Come on, NYT, just say it: the reason the government recommends so much protein has a *ton* to do with the meat lobbyists. The food pyramid was always based on profits, not science. Much like everything else under the current administration...

I'd love to know when this mythology around meat started... when did masculinity and meat-eating become so intertwined that every fast food commercial invokes the link? When did it become acceptable for a *very* well educated 30-something living in SF to ask, in all seriousness, how a vegetarian gets enough protein? For a nation that avoids exercise at all costs, with a population that will drive across parking lots to avoid walking (or go in endless circles: waiting for a parking space right next to the door), how incongruous is it, that we're the ones worrying about getting enough protein?! We've got to fuel all that sitting that we do.

The article attempts to end on a high note, but considering all the subsidies wrapped up in meat production, and the effectiveness of lobbyists, and the downright moral blindness that our national ethos seems to embrace, I'm not feeling terribly optimistic.


Merrie said...

Oh man, right on Becky. I am in two classes discussing the "green revolution" of agriculture - how in the '50s huge advances in technology and chemicals made ag. productivity skyrocket - and how grain production per capita globally has slowed and is now decreasing. We're now pushing at the ceiling of natural plant physiology, and basically there's nothing we can do, short of some serious genetic modifications (MAYBE) that'll boost production to keep up with the global food demand. 40 million people a year die of starvation or malnutrition. Yet the U.S. is still devoting millions of acres to cheap, high-input corn production - mainly to feed cattle in feedlots for the final fattening(we can't feed them grain from day one, because they'd die. Their bodies aren't meant to digest it) - and to produce chemical-laden high fructose corn syrup and other low-quality "filler" foods. The U.S. needs to re-evaluate their priorities. Think of all the high-quality food we could grow for the world's starving if we could resist those damn hamburgers.

Justin said...

Fuck yes

karuna said...

Hmm...I don't really buy this. I was a vegetarian for about a year, gained a ton of weight, and became anemic. I tried to eat a lot of beans and soy and so on but it just wasn't doing it. I stopped eating meat because the practices in the slaughter mills bothered me and because frankly, I didn't like meat all that much (still don't).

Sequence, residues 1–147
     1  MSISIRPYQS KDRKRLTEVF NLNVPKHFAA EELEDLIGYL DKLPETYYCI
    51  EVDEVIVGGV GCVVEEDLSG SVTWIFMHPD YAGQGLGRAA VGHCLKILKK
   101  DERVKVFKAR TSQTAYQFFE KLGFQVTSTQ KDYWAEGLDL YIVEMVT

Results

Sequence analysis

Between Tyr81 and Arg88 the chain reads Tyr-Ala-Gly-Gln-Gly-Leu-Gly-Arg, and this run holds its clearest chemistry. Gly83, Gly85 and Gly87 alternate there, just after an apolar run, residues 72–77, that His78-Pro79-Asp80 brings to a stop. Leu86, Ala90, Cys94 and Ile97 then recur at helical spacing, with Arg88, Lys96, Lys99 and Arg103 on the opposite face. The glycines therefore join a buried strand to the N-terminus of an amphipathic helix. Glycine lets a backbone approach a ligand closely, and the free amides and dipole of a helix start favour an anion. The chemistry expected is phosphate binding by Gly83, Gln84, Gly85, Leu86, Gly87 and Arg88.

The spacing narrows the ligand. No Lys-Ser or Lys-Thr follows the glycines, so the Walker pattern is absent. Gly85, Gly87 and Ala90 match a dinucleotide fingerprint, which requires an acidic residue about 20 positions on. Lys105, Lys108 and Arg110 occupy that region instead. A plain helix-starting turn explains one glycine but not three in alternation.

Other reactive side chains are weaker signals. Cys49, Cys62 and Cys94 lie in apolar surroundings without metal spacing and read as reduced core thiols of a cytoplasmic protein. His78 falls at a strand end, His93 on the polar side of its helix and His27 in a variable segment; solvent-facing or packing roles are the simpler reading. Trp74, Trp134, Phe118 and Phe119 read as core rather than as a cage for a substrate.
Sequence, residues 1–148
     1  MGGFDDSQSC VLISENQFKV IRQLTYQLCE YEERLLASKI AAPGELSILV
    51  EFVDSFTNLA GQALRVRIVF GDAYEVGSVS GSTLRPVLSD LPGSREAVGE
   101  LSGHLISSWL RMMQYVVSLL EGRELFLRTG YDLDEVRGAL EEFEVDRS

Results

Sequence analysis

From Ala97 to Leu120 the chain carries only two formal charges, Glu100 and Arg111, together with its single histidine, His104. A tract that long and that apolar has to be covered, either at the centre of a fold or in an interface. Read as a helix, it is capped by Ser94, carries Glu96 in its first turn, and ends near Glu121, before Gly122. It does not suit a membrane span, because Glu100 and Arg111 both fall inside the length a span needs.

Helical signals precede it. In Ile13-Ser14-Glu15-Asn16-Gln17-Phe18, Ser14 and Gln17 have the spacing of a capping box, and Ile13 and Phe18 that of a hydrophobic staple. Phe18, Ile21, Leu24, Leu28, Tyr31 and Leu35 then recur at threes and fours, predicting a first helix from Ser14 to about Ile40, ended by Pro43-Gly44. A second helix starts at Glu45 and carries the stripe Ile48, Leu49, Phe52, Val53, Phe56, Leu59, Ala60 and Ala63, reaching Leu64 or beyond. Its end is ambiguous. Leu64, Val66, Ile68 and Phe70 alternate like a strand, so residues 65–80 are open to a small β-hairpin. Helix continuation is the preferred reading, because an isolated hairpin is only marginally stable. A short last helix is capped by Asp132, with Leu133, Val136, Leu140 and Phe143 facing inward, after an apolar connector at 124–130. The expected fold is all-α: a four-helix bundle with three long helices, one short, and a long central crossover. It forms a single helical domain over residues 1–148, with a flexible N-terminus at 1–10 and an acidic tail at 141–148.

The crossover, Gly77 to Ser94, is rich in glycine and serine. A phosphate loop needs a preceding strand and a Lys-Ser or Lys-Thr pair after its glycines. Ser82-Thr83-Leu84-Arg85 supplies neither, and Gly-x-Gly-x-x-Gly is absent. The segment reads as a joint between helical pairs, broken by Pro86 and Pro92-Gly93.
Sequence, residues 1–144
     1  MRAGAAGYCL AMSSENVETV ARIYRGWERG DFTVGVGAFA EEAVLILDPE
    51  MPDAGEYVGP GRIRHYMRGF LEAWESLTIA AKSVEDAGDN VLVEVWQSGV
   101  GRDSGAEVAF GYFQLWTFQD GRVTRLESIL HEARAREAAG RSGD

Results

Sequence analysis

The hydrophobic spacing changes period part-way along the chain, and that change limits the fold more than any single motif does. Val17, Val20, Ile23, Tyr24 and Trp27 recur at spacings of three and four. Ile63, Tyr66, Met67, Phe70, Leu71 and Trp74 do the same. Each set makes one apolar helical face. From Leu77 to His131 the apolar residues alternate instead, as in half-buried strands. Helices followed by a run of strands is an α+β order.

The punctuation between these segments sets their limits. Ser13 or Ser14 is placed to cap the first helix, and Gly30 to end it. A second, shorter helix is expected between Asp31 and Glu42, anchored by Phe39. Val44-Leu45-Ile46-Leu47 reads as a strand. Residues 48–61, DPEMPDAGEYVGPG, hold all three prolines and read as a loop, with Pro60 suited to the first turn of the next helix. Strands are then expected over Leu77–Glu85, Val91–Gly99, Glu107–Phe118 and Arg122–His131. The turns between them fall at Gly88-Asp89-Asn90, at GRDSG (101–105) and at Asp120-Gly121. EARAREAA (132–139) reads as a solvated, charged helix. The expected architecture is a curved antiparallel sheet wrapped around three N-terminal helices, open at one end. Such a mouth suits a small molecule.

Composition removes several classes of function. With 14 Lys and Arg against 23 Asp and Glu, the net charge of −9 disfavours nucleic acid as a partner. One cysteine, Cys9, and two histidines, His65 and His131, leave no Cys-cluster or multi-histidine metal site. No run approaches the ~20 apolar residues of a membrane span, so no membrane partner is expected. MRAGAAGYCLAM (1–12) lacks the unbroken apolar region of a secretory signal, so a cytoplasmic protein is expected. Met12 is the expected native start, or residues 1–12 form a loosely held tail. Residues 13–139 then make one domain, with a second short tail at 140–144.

Well. I talked to a dietician and she flat out told me that being a vegetarian is not healthy. She said no matter how many vitamins and supplements we all take, it doesn't avoid the natural nutrients in meat. This is especially true, she said, for red meat. There is just something in that piece of steak that can't be replaced.

I do think protein is an absolute must in our diets but everything in moderation. I eat red meat probably twice a week if that. I eat lean chicken or turkey pretty much everyda. The other thing i try to do is buy organic or kosher meat. I feel that this meat is killed in a more humane manner.

The bigger problem in our soceity, just health wise is our focus on grains and carbs. It's not a mistake that there is such a high rate of adult diabetes in our society. Most of the time, the diabetic trends correlate with heart disease.

If there is a government conspiracy in the agricultural industry (and I'm not saying there is), its with corn industry. Monitor trends of obesity in this country with the usage of high fructose corn syrup. It's pretty disgusting. And remember, it benefits the big corn industry in places like Iowa, for our country's food supply to pretty much rest on corn.

Anyway, long and short of it is that i believe in moderation and putting real food in your body. My body knows what to do with a piece of steak if it comes from a cow that has not been fed lots of hormones and chemicals. As long as I limit my intake to once in a while, things are good.

Becky said...

Exactly -- the idea of moderation in protein is a novel concept though to your average American. Red meat occasionally isn't necessarily a bad thing, but the idea that we should be eating it once a day at least *is.*

Also: I kind of don't believe your nutritionist =) . I've actually seen studies indicating that the average vegetarian lives ten years longer than your average omnivore (and that this benefit seems to hold to those that eat meat only occasionally as well, ie, a flexitarian). And plenty of human populations have thrived on vegetarian diets, so I'm still wondering how much of that conviction that "we need meat" is culturally produced. That said, everyone has to find his/her own balance -- I'm sure that people have varying nutritional needs, based on genetics, early life, etc. I remember reading one foodie's conviction that traditional diets are where it's at, and we should try to eat what our own ancestors ate... but I imagine that would mean I'd be eating a *very* eclectic variety of Welsh, German, Scandinavian, French-Canadian, and Native American foods...